Extract from Rolling down the Lachlan by Frank CLUNE.
Sydney : Angus & Robertson, 1935.
Chapter XIV p121
It being Sunday afternoon, a drive was suggested to Wyangala Dam, twenty-eight miles away; and, with a full load of passengers, we were soon outward-bound via Woodstock and Breakfast Creek. …….
Sunlit hills in the distance, densely wooded; and the first two-story farm-house for many a day and mile. On this road are the remains of the old gold-diggings, and the Waugoola Creek, a tributary of the Lachlan. A white-box which had been struck by lightning was in marked contract to a forest of black-gums; just as a shabby buggy was in contrast to our car. This vehicle really alarmed me; I was glad we passed before the wheels came off.
Darby’s Falls, sixteen miles away; were now travelling through delightful country and soon crossed Sheet-of-Bark Creek; but saw neither sheet, bark, nor creek. After that, we climbed a piccaninny mountain, whence we took in a good view of Waugoola – hills like waves, and apple-green valleys. Why do so many Australians spend money visiting the Rockies when there are places more than “just as good” in the Commonwealth?
Our friends introduced us to Miss Lizzie Hailstone, a local lass, who told me that she and her brother could outtalk any married couple in the back country; “and her brother wouldn’t say a word.” She joined the party as guide.
Milburn Creek was discovered, and crossed, by Surveyor Meehan in April 1820. In May 1934 we discovered and crossed the same creek, which never goes dry as it is fed by springs. It’s a darned pity more creeks can’t adopt this excellent idea.
Green Gully was the next place of note. In the copper-mining days it used to boast of three pubs, with a population to match. Now it has neither pubs, population, or matches. It is just nothing. Even at the copper-mines, we only saw a lot of holes and one rusty boiler.
A few hundred feet below, in the valley called Springvale, they breed racehorses. I dropped the same distance in Lizzie’s esteem when I admitted that I had never heard of Eurythemic, a Melbourne Cup winner who it seems was bred there.
We passed another road leading to Darby’s Falls. Who was this Darby anyway, to have a two-road waterfall named after him? We kept climbing and arrived at Mount McDonald. Here, there was another superb view; and also fourteen has-been taverns. An old-timer told me that reef-mining started on the Mount in 1891 and the same year they had banks, pubs, butchers, a main street, and a couple of thousand people. To-day they only have the main street; and the pot-holes exceed the population.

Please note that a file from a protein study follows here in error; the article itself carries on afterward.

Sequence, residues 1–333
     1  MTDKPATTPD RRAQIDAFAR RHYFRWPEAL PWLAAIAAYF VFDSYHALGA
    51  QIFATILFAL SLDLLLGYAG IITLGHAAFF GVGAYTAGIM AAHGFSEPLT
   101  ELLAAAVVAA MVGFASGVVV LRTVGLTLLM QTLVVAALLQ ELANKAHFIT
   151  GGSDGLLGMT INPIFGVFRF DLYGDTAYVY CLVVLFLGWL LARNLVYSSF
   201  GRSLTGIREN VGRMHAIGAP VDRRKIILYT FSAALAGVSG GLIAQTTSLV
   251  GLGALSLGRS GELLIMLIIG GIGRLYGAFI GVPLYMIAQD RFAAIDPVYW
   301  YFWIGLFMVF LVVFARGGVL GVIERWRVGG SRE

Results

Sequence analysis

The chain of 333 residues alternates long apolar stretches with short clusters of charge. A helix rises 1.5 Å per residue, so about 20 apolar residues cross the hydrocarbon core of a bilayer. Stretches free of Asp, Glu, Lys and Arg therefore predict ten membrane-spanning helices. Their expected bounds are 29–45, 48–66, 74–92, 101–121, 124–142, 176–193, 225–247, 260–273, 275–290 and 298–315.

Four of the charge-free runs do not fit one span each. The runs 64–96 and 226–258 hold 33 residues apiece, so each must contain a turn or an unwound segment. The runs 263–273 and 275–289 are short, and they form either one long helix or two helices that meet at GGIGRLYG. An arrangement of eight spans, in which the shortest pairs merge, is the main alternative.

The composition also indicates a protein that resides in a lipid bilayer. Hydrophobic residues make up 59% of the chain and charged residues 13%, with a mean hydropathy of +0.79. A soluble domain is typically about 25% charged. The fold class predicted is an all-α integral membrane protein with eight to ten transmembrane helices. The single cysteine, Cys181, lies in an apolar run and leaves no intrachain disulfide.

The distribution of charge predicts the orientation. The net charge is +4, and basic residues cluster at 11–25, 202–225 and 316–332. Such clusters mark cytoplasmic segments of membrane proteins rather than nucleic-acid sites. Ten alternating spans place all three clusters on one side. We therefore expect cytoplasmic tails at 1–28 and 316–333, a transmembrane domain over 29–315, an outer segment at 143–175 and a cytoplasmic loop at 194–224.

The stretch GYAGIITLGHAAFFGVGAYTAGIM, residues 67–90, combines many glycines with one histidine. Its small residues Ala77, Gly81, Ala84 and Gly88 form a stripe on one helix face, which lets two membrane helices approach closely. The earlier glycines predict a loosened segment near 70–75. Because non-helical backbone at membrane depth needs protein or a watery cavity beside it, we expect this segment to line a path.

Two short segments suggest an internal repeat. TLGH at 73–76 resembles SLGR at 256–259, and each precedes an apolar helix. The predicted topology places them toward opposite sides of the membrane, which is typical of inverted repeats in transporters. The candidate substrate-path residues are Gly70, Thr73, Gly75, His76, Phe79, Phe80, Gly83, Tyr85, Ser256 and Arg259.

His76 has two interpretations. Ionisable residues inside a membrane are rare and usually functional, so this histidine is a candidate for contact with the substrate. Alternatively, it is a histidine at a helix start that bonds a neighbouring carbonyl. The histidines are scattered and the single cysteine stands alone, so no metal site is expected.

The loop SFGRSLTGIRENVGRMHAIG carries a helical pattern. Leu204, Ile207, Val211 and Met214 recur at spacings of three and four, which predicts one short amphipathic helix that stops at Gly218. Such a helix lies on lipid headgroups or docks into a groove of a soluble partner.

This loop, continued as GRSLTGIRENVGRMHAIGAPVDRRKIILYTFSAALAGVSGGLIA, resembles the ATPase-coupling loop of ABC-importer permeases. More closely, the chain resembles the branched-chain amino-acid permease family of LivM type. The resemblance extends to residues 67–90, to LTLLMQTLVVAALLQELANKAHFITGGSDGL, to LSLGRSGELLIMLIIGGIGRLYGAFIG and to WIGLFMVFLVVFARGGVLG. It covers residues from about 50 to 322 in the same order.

Local industry went bung in 1912, and the place is now a one-mulberry-tree town, with more empty tins lying around that we have seen in any settlement.
Nearby are two large dams, full of water, where gold was formerly sluiced; also throats, when credit was scarce at the hostelries.
We cut through the bush to the cemetery, a mile away. It is well hidden and surrounded by trees. What a miserable time the ghosts would have trying to return and haunt the fourteen pubs! White box-trees surrounding the cemetery were covered with patches of mistletoes, and there was plenty of rosemary for remembrance, yet the graves seem forsaken. A pastoral pest, called bush-mountain cane was growing wild. Beneath a tall pine-tree the rosemary was four feet high, and the Scot wistfully garnered a sprig from the most lonely burial place, I have ever seen.
Susan Elliott, who left us for a better home on 12 May 1898 aged 17.
Gone but not forgotten
We sighed for Susan; because seventeen is too sweet for death; then continuing along the mountain, came to an elevation called Abercrombie Look Out. Johnny Vane and Mick Burke, both of whom were eventually to join Ben Hall’s gang, camped here with two others on the night before their first big job of cattle duffing. Vane, who was born at Jerry’s Plains, in 1842, seems to have been (in his youth, at any rate) diligent and inoffensive, yet he lived to receive a sentence of fifteen years’ jail, after having surrendered to a priest.
The Abercrombie River, mingling with the Lachlan beneath us, was discovered by Charles Throsby, in May 1819, on an overland trip from Bathurst to Paddy’s River. The valley, which resembles an amphitheatre with ranges of hills on three sides, and on the fourth stretching away into space, will shortly be submerged by the banking of the Lachlan River at Wyangala Dam. This work of construction was going on about six miles down-stream from where we stood, but could not be seen owing to a hill obscuring the view. There were several homesteads in the valley. Those that will be inundated have been resumed by the government. ……….
We retraced our steps to the mount, and continued the journey to Wyangala, a one-dam galvanized-iron town. A settler named Green had his home where the town now stands; and on this land there is now a hunk of concrete worth over a million pounds, with eleven feet of water banked up against it. …….
Darby’s Falls has a sub-station, carrying live electricity from Burrinjuck Dam to Wyangala. When it gets to Darby’s Falls it is 66,000 volts, but they break it down to 11,000 volts for Wyangala and the same voltage for Cowra.
“Breaking down” sounds like a pub, doesn’t it? But there ain’t no such animal at Darby’s. There is a spring instead, which I thought just as good.